In fact, a cursory search of the March 2012 budget document reveals that Flahery is wrong — not everything in the legislation tabled Thursday was flagged in the spring spending blueprint. For instance, on EI rates, the budget stated that: “Over the next few years, the Canada Employment Insurance Financing Board (CEIFB) will continue to set the rate, but the government will limit rate increases to no more than five cents each year until the EI Operating Account is balanced.” On Thursday, the board was disbanded while the Conservatives set up what they’re calling an “interim … regime” for setting EI rates.
The budget also made no mention of changes to the definition of a native fishery included in the omnibus bill, while the Navigable Waters Protection Act is entirely absent from the March budget.
By Aaron Wherry - Thursday, October 18, 2012 at 5:43 PM - 0 Comments
The Scene. Thomas Mulcair agreed with Stephen Harper. Just not now. Or at least not the version of Stephen Harper that was now in front of the NDP leader.
“Mr. Speaker, the Conservatives are trying to shove another 450-page budget bill down the throats of Canadians,” Mr. Mulcair reported. “The finance minister once again showed total disregard for our democratic institutions, choosing photo ops rather than Parliament, 450 pages. The Prime Minister once criticized the Liberals for their omnibus approach. He was right then, he is wrong now.”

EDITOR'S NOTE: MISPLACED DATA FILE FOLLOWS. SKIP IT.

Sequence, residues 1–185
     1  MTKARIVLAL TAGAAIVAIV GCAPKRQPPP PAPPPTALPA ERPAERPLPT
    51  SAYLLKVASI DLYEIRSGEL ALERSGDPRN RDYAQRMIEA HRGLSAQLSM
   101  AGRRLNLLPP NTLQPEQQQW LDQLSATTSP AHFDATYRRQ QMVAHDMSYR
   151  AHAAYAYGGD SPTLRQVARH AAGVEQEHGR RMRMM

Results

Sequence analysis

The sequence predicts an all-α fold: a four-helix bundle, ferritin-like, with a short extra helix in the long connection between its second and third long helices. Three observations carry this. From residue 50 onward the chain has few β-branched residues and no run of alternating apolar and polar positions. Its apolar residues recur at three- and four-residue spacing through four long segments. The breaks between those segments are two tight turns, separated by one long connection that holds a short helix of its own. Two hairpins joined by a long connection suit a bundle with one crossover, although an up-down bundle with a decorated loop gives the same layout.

“Will the Prime Minister respect Canadians, respect the role of Parliament and split this omnibus bill to allow for proper study?” the NDP leader asked.
Alas, Mr. Harper was not inclined to agree with his earlier view.
“Mr. Speaker, Canadians’ priorities are focused on the economy. They remain jobs and growth,” the Prime Minister reported. “This government continues to move forward with the latest version of the plan presented in March to promote jobs and growth across this country and to continue the relatively superior performance of the Canadian economy.”
You needn’t read the budget yourself, you see, because it is mostly just the words “jobs” and “growth” written over and over again for 450 pages. Continue…
By Aaron Wherry - Thursday, October 18, 2012 at 11:10 AM - 0 Comments